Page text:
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The Valley of the Fallen (The Margellos…
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The Valley of the Fallen (The Margellos World Republic of Letters) (edición 2018)

por Carlos Rojas (Autor)

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261740,032 (4.5)1
Acclaimed translator Edith Grossman brings to English-language readers Rojas's imaginative vision of Francisco de Goya and the reverberations of his art in Fascist Spain This historical novel by one of Spain's most celebrated authors weaves a tale of disparate time periods: the early years of the nineteenth century, when Francisco de Goya was at the height of his artistic career, and the final years of Generalissimo Franco's Fascist rule in the 1970s. Rojas re-creates the nineteenth-century corridors of power and portrays the relationship between Goya and King Fernando VII, a despot bent on establishing a cruel regime after Spain's War of Independence. Goya obliges the king's request for a portrait, but his depiction not only fails to flatter but reflects a terrible darkness and grotesqueness. More than a century later, transcending conventional time, Goya observes Franco's body lying in state and experiences again a dark and monstrous despair.   Rojas's work is a dazzling tour de force, a unique combination of narrative invention and art historical expertise that only he could have brought to the page.… (más)
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Título:The Valley of the Fallen (The Margellos World Republic of Letters)
Autores:Carlos Rojas (Autor)
Info:Yale University Press (2018), 312 pages
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The Valley of the Fallen (The Margellos World Republic of Letters) por Carlos Rojas

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The Valley of the Fallen (The Margellos World Republic of Letters) by Carlos Rojas (translated by Edith Grossman) is a historical novel taking in different time periods in Spain. Mr. Rojas is an award-winning novelist and art historian.

Artist Francisco de Goya is at the most successful time of his career. He is the painter, and sounding board, of King Fernando VI who is dedicated to establish a cruel regime after Spain’s War of Independence.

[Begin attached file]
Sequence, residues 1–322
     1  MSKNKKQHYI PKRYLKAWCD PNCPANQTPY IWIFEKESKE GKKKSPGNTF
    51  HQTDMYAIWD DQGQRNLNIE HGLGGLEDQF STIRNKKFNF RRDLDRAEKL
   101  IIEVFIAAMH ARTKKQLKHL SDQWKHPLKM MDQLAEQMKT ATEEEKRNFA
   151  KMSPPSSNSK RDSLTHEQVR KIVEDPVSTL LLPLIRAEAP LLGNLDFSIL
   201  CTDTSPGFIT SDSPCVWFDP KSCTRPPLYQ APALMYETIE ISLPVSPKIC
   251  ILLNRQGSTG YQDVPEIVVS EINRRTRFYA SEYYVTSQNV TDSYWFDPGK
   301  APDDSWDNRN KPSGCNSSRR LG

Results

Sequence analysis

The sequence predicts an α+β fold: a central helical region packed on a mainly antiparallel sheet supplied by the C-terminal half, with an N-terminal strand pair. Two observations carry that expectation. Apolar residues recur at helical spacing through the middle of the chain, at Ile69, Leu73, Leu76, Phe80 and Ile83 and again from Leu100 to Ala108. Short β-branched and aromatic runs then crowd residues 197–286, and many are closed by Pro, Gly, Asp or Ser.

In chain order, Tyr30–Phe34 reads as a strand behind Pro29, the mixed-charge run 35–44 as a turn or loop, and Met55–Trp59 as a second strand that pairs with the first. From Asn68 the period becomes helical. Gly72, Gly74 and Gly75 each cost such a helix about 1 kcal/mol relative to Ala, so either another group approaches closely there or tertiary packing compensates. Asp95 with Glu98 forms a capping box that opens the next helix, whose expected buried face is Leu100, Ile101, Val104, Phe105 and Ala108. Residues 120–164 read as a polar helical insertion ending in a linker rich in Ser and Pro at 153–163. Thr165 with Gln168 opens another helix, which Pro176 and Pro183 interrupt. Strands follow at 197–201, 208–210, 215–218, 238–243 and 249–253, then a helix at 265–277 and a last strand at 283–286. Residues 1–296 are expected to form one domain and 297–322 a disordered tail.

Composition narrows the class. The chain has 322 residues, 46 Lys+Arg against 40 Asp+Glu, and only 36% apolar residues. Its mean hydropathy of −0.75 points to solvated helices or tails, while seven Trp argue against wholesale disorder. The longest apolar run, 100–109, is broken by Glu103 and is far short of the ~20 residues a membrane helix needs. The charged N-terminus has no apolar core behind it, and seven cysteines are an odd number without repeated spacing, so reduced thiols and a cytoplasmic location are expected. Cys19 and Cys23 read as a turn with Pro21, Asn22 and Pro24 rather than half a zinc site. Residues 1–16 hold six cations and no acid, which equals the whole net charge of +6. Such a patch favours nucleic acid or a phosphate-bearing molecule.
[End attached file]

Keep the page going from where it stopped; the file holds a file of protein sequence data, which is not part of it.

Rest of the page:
The Valley of the Fallen (The Margellos World Republic of Letters) by Carlos Rojas (translated by Edith Grossman) is a very dense book, written in a postmodernist narrative which shifts between the court of King Charles IV of Spain (around the late 1700s) and the last days of Francisco Franco’s reign (mid 1970s).

The narrative merges fact and fiction, to tell two stories that even though are worlds apart, are still connected through a common language, ideology, politics, and art.

This is a dense read, I am not as familiar with Goya’s paintings Mr. Rojas is, so my reading was slowed down by looking them up on the Internet whenever they were mentioned. On the bright side, I could look up Goya’s paintings on the Internet at any time I wanted to.
We live in a wonderful age.

There is a helpful timeline at the end of the book, which I actually skimmed after I read a few chapters just to help me understand the narrative. My only complaint is about myself for not being able to read it in the original Spanish.

As usual, Ms. Grossman did a fantastic job with the translation, the prose is stylish, energetic and somewhat intimate. ( )
  ZoharLaor | May 11, 2018 |
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Acclaimed translator Edith Grossman brings to English-language readers Rojas's imaginative vision of Francisco de Goya and the reverberations of his art in Fascist Spain This historical novel by one of Spain's most celebrated authors weaves a tale of disparate time periods: the early years of the nineteenth century, when Francisco de Goya was at the height of his artistic career, and the final years of Generalissimo Franco's Fascist rule in the 1970s. Rojas re-creates the nineteenth-century corridors of power and portrays the relationship between Goya and King Fernando VII, a despot bent on establishing a cruel regime after Spain's War of Independence. Goya obliges the king's request for a portrait, but his depiction not only fails to flatter but reflects a terrible darkness and grotesqueness. More than a century later, transcending conventional time, Goya observes Franco's body lying in state and experiences again a dark and monstrous despair.   Rojas's work is a dazzling tour de force, a unique combination of narrative invention and art historical expertise that only he could have brought to the page.

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